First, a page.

Your body needs the eight B vitamins for energy metabolism, red blood cell synthesis, cardiovascular health and proper growth and development. However, few Americans get as much as they need, says the Harvard School of Public Health. Manufacturers of vitamin B-100, a dietary supplement that contains at least 100 milligrams, 100 micrograms or 100 percent of the recommended dietary allowance of each B vitamin, claim their products can supply you with the nutrients you need for better health and more energy. The large amount of B vitamins in every dose may cause a variety of side effects. Speak to your doctor first.
Side Effects of Niacin
A typical vitamin B-100 supplement contains 100 milligrams of niacin. That's far more than the 16 daily milligrams recommended for men and the 14 milligrams advised for women. Additionally, it exceeds the tolerable upper intake level, or UL, of 35 milligrams per day for adults set by the Institute of Medicine. Too much supplemental niacin can cause flushing, a condition characterized by red, tingling skin on your face, chest, arms and neck. It can also cause skin rashes and elevated blood glucose, and increase your risk of liver damage and ulcers.
Side Effects of Pantothenic Acid
Each 1-tablet serving of commercial vitamin B-100 supplies 100 milligrams of pantothenic acid, also known as vitamin B-5. Adults need only about 5 milligrams per day. No UL has been set for pantothenic acid, but the Institute of Medicine cautions against consuming more than is recommended. The high concentration in vitamin B-100 could cause diarrhea and thin your blood, leaving you more likely to bleed excessively when injured. Pantothenic acid interferes with the function of antibiotics like tetracycline and cholinesterase inhibitors used in the treatment of Alzheimer's disease.
Side Effects of Thiamine
Men over 19 years old should have around 1.2 milligrams of vitamin B-1, or thiamine, each day; women should have 1.1 milligrams. Vitamin B-100 contains over 8,000 percent of this recommendation. While a UL hasn't yet been determined for thiamine, consuming an amount this high could cause an upset stomach. It may also interact with drugs such as digoxin, dilantin and diuretics like furosemide.
Side Effects of Riboflavin
The University of Maryland Medical Center says consuming more than 10 milligrams of riboflavin daily can increase your risk of suffering eye damage when exposed to the sun's ultraviolet rays. It may also result in itchy skin, discolored urine and a sensation of burning or numbness. You only need between 1.1 and 1.3 milligrams of riboflavin a day, though a vitamin B-100 complex tablet contains 100 milligrams. A UL for riboflavin hasn't been established.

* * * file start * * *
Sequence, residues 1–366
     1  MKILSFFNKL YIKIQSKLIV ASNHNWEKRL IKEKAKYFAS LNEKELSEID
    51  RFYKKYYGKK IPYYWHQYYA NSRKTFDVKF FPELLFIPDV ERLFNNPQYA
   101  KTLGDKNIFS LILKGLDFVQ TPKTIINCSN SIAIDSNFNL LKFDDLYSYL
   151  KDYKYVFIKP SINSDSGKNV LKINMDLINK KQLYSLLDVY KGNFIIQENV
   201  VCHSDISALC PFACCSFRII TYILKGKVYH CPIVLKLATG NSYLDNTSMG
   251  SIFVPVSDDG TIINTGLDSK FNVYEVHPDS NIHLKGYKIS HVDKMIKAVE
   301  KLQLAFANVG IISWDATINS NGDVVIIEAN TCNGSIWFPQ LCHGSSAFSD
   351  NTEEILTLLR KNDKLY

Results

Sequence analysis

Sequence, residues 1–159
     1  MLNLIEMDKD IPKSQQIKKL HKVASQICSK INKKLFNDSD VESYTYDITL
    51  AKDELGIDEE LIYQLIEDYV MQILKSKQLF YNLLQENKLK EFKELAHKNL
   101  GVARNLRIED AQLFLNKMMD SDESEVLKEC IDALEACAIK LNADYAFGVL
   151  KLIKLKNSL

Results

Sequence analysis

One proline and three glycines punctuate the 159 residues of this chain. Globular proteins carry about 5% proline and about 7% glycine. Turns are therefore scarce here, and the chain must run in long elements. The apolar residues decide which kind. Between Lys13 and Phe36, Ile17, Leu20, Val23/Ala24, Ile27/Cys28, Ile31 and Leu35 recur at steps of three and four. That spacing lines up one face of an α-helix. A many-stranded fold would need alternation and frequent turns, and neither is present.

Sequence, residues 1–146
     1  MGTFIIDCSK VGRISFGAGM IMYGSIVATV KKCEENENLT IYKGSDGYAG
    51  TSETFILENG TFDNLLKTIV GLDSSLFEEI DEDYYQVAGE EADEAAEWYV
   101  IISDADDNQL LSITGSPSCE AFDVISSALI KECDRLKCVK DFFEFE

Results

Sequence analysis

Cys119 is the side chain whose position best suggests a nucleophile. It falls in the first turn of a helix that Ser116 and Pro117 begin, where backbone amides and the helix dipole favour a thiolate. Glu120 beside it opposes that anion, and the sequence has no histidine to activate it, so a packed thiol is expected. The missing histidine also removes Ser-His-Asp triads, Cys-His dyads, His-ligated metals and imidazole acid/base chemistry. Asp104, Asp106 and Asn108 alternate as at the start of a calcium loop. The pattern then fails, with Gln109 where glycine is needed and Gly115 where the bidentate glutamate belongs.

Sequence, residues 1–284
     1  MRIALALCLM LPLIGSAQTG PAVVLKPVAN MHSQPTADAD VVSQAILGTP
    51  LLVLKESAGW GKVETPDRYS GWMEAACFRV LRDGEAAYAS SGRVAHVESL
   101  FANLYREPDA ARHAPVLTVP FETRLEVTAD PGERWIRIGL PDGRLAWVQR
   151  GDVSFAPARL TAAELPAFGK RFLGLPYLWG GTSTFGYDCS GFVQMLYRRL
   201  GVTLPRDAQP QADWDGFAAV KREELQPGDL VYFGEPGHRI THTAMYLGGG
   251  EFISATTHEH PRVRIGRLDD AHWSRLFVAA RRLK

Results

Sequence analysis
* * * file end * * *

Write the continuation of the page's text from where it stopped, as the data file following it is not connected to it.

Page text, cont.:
Side Effects of Vitamin B-6
The 100 milligrams of vitamin B-6, or pyridoxine, supplied in each vitamin B-100 supplement equals the UL for the nutrient and is well over the 1.3 daily milligrams advised for a healthy adult. Taking this much in excess of the recommendation could cause a decrease in appetite, light sensitivity, nausea, stomach pain and skin problems. If your regular diet contains plenty of vitamin B-6 from foods like poultry, seafood, beans or whole grains, your intake might rise high enough to cause nerve damage in your legs.
Side Effects of Folic Acid
You need approximately 400 micrograms of folic acid daily to support the health of the nervous system and to aid in the production of DNA and RNA. Too much, however, and you could experience seizures, skin or digestive problems and insomnia. Vitamin B-100 contains 400 micrograms, or 100 percent of the RDA, per tablet. Taking the supplement along with a folic acid-rich diet could increase your risk of side effects. The UL of folic acid is set at 1,000 micrograms per day for adults.
- Better Health Channel: Vitamin B
- Harvard School of Public Health: Three of the B Vitamins - Folate, Vitamin B6 and Vitamin B12
- Nature Made: Balanced B100 Timed Release Tablet
- MedlinePlus: Niacin
- University of Maryland Medical Center: Vitamin B5 (Pantothenic Acid)
- University of Maryland Medical Center: Vitamin B-1 (Thiamine)
- University of Maryland Medical Center: Vitamin B-2 (Riboflavin)
- University of Maryland Medical Center: Vitamin B-6 (Pyridoxine)
- University of Maryland Medical Center: Vitamin B-9 (Folic Acid)
- Institute of Medicine: Dietary Reference Intakes (DRIs): Tolerable Upper Intake Levels, Vitamins